Timuel Black Jr. Mesmerizes at NABJ-CC Black History Forum
NABJ-Chicago celebrated Black History Month with an inspiring and energizing fireside chat with the iconic Timuel Black Jr.
Black, an elder statesman and griot of Chicago’s black community, turned 100 on Dec. 7, 2018. On Monday, he took 30 attendees through a century of civil rights struggle and political activism. The lifelong educator and storyteller reminded audience members of their place in keeping traditions alive.
“I am optimistic about life. I had to be,” Black said. “We have a responsibility to let our younger people know the history but also know not getting involved might make you a victim, not a victor.”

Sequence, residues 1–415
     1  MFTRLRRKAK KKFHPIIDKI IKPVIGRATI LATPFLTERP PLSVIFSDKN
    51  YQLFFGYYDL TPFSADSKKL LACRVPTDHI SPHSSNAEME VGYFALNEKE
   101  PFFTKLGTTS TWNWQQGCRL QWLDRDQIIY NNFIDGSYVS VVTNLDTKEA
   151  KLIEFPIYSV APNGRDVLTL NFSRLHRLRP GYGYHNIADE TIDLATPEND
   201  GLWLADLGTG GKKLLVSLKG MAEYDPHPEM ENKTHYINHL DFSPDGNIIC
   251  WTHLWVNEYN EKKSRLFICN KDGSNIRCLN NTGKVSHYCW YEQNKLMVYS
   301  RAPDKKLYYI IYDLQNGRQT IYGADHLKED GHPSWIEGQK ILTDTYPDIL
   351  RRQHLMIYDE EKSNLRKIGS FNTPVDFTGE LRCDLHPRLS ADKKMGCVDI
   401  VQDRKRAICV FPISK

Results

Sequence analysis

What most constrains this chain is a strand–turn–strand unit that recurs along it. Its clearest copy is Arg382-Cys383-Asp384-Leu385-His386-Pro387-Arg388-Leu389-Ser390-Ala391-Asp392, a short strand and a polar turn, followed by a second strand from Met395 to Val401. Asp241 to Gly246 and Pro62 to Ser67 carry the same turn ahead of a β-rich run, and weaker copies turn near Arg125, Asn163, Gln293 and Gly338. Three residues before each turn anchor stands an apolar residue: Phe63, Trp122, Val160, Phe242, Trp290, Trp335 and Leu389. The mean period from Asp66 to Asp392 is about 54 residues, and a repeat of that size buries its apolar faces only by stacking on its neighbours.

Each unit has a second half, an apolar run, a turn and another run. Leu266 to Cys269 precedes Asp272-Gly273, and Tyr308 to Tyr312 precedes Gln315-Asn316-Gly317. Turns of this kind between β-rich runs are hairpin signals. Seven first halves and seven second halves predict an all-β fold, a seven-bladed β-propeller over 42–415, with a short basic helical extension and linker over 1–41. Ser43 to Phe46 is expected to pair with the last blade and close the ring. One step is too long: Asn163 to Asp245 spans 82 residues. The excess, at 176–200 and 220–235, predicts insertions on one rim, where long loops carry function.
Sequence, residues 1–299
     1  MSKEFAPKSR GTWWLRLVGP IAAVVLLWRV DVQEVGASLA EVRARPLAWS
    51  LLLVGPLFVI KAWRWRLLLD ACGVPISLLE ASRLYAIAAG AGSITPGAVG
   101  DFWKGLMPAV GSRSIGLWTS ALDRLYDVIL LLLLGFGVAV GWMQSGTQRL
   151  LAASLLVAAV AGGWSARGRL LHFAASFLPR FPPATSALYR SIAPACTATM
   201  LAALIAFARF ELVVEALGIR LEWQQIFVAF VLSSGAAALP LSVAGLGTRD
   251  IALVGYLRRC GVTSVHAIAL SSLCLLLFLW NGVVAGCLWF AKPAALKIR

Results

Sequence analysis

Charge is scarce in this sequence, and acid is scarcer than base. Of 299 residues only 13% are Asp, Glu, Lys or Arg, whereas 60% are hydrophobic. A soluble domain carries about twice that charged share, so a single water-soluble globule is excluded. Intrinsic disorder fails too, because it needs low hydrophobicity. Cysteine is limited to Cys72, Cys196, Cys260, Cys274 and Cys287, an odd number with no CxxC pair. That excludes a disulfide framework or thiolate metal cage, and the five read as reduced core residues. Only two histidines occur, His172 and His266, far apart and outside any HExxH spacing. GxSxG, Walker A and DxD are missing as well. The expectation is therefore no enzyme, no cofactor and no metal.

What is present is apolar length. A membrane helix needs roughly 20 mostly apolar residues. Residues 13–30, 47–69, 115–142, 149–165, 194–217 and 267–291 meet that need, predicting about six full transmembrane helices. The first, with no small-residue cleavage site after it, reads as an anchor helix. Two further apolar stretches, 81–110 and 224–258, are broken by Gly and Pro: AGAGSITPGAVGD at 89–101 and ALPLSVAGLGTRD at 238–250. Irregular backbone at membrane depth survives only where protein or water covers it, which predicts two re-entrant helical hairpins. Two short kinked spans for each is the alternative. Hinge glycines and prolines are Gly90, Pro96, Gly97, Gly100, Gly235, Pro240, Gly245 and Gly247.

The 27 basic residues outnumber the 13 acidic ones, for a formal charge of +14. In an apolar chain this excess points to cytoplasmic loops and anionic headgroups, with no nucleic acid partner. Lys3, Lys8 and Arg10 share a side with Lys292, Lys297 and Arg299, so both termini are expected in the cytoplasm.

A World War II veteran, Black taught for many years in the Chicago Public Schools, followed by 30 years at City Colleges of Chicago, before retiring in 1989. Raised in Chicago’s segregated “Black Belt,” he graduated in 1935 from DuSable High School, where classmates included John H. Johnson and Nat King Cole. He said his “mission was to break the barriers of segregation.”
Black worked with activists Paul Robeson and W.E.B. DuBois in the ’40s and ’50s; alongside Dr. Martin Luther King in the ’60s. He was heavily involved in King’s Chicago Freedom Movement, and helped organize Chicagoans’ participation in the ’63 March on Washington. Over the course of seven decades, he helped establish and was active in over 100 civil rights/labor organizations.
And Black was instrumental in the election of Chicago’s first black mayor, in 1983, as well as the election of the nation’s first black president, in 2008.